But for me, the reckless abandon of Brain Salad Surgery is the secret of its appeal.   ELP’s music here is a mite undisciplined and overstuffed, sure — but it’s also virtuosic, tightly structured, fearless, and exhilarating.  Those qualities, held together in suspension by the trio’s undeniable musical chemistry, have made this album compelling listening for me for the last 40 years.  Not only do I play it again and again, I’ve grabbed almost every CD re-release over the years (including Jakko Jakszyk’s oddly askew 2014 remix). Plus, instead of settling into the status of beloved novelty, Brain Salad Surgery whetted my appetite for more music like it — not just prog, but jazz, jazz-rock, modern classical music — even folk ballads!  And every once in a while, when I need a particularly powerful organ prelude or postlude for Sunday morning, it’s still a blast to pull out all the stops and dive into “Jerusalem.”

Listen to the latest re-release of Brain Salad Surgery here:

More Faves by ELP: Tarkus, Trilogy, and Works Volume 1.  Plus Encores, Legends and Paradox, a Magna Carta tribute album from the 1990s; this features Robert Berry, John Wetton, Glenn Hughes and James Labrie on vocals, with members of Dream Theater, Yes, King Crimson, Magellan and Emerson’s buddy Marc Bonilla laying down backing tracks.

Still There’ll Be More: I have 100+ prog and prog-related discs on my favorites shelf, from proto-proggers like The Nice and Procol Harum to 21st-century giants such as Neal Morse, Steven Wilson and Big Big Train.  Here are the ten albums that are probably the closest to my heart, and that opened the doors widest for future exploration:

Bruford, One of A Kind

Robert Fripp, Exposure (combined with RF’s 1979 in-store Frippertronics concert at Peaches Records in Fraser, Michigan)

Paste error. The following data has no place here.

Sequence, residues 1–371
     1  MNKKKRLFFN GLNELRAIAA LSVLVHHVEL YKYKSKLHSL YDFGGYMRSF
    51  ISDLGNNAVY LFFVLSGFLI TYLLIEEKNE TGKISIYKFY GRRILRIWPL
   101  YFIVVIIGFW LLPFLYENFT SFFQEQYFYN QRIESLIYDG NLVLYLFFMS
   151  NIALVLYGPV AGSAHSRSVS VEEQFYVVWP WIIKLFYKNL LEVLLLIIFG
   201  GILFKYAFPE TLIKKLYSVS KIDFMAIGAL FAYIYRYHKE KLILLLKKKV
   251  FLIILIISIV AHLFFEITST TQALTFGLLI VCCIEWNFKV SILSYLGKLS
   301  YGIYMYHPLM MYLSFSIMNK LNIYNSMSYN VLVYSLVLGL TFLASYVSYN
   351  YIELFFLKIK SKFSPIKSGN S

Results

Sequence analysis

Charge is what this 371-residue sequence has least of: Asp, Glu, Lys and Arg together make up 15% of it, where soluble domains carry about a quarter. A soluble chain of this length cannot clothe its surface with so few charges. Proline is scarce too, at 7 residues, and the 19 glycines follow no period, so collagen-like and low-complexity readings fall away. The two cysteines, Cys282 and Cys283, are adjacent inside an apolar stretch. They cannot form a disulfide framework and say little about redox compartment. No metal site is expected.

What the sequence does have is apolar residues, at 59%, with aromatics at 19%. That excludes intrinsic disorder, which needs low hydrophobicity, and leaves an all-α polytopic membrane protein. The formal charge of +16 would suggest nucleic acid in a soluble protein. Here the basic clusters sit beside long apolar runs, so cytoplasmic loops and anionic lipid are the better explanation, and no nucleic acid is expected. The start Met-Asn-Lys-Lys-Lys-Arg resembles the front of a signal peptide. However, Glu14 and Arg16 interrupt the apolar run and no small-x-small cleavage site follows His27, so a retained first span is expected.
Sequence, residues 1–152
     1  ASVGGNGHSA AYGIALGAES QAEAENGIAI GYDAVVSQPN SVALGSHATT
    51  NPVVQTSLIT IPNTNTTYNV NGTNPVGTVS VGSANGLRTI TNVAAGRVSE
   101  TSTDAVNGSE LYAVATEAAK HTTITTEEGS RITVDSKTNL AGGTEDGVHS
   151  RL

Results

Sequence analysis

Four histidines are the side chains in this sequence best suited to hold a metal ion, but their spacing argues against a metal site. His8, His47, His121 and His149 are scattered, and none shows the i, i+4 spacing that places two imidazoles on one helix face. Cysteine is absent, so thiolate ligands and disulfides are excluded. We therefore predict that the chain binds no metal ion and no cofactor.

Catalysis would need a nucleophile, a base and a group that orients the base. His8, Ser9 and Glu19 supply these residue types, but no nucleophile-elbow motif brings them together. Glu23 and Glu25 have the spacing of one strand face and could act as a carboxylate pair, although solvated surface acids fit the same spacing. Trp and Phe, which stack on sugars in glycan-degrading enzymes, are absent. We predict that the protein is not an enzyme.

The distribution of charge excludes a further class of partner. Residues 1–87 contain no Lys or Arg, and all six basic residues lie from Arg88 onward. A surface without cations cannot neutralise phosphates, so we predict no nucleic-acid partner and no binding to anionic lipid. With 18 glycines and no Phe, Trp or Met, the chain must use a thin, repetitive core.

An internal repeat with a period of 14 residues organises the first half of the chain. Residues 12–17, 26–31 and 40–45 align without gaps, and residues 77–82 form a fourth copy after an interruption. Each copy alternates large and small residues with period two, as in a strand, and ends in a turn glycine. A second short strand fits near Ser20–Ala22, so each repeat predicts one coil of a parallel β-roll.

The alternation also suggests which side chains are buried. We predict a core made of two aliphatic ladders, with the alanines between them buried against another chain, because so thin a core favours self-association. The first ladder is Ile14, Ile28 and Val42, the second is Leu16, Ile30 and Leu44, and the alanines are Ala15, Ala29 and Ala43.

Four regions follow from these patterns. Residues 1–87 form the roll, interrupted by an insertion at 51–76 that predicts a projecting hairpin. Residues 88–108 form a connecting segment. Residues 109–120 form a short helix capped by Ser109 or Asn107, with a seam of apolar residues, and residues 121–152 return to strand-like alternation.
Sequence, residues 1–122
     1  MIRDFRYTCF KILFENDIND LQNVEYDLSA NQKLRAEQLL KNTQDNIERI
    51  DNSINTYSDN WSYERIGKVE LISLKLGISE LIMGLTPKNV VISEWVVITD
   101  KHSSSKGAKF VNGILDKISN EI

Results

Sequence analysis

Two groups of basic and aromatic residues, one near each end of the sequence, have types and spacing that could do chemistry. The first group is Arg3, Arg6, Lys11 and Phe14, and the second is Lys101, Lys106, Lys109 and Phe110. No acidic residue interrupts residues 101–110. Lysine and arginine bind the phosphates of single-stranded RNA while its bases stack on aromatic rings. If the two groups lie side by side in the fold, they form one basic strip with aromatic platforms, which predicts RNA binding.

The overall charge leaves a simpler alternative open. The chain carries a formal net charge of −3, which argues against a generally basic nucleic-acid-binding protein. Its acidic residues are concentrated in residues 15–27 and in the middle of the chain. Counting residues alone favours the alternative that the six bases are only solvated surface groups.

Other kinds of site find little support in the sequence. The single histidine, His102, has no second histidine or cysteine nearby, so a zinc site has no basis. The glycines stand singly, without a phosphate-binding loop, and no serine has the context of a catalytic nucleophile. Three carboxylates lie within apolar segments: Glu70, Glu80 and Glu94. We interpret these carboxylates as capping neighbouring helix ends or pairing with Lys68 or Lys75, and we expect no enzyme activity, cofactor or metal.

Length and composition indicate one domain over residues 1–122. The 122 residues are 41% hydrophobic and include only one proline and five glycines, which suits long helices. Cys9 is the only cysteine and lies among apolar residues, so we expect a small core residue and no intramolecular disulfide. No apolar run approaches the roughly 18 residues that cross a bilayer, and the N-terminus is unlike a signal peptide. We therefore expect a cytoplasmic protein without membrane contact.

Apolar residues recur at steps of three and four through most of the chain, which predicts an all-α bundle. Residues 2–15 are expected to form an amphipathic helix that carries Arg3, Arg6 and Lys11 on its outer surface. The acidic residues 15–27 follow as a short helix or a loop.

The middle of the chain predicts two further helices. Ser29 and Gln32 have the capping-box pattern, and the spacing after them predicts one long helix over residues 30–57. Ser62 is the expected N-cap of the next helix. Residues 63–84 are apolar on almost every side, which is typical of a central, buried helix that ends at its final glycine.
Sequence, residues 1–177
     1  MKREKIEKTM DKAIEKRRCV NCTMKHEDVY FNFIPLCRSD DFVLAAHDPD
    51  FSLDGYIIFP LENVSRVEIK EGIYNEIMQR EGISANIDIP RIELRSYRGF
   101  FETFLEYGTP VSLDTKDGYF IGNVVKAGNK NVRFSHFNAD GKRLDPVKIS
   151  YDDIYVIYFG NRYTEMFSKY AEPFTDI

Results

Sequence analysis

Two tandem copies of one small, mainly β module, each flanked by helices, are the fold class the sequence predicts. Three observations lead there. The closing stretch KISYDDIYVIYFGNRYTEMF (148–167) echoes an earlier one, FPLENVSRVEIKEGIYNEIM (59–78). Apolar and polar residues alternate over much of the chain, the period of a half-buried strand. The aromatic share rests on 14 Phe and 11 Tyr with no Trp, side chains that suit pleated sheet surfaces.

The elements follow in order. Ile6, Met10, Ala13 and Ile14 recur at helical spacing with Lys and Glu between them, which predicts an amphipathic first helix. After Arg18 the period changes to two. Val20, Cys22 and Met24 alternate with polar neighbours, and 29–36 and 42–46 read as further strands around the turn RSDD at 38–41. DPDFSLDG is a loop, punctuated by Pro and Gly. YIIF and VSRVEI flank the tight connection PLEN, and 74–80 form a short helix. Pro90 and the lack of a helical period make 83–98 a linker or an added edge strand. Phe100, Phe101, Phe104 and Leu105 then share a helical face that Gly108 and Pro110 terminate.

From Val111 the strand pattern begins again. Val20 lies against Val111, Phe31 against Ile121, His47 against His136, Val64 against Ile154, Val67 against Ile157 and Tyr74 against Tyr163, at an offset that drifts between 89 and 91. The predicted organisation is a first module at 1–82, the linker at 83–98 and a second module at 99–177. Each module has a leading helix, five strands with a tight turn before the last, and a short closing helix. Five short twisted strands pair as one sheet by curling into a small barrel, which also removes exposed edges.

Genesis, Foxtrot and Wind & Wuthering

King Crimson, In the Court of the Crimson King and Red

Porcupine Tree, Deadwing

Transatlantic, SMPT:e

UK, UK

Yes, Close to the Edge

 

 

 

 

Rick’s Quick Takes: Lucky Man, the Autobiography by Greg Lake

by Rick Krueger

“ELP were often criticized for running an overblown or overproduced show … The Persian carpets are useful because they cover the crisscross of wires over the stage, reduce slippage, absorb some of the noise so you can hear each other play and — this is the prima donna part — they make you feel more comfortable and at home on stage.” (Emphasis mine.)

This quote, from page 160 of Lucky Man, was when I finally understood Greg Lake. In books like Keith Emerson’s memoir Pictures of an Exhibitionist and David Weigel’s The Show That Never Ends, he usually comes off as pretentious, petulant, demanding and unsatisfied, the irrational antagonist to Emerson’s grand designs.  After Lake’s passing in late 2016, Sid Smith’s lovely obituary in Prog Magazine humanized him for me, and Lucky Man — while not a tell-all book like Emerson’s — completes the process. Underneath the aura of entitled celebrity Lake projected, the man got the cosmic joke.  He realized he was living the dream, he felt he’d worked hard to get there — but also that hard work wasn’t the whole story.  So he figured he might as well live the dream in high style.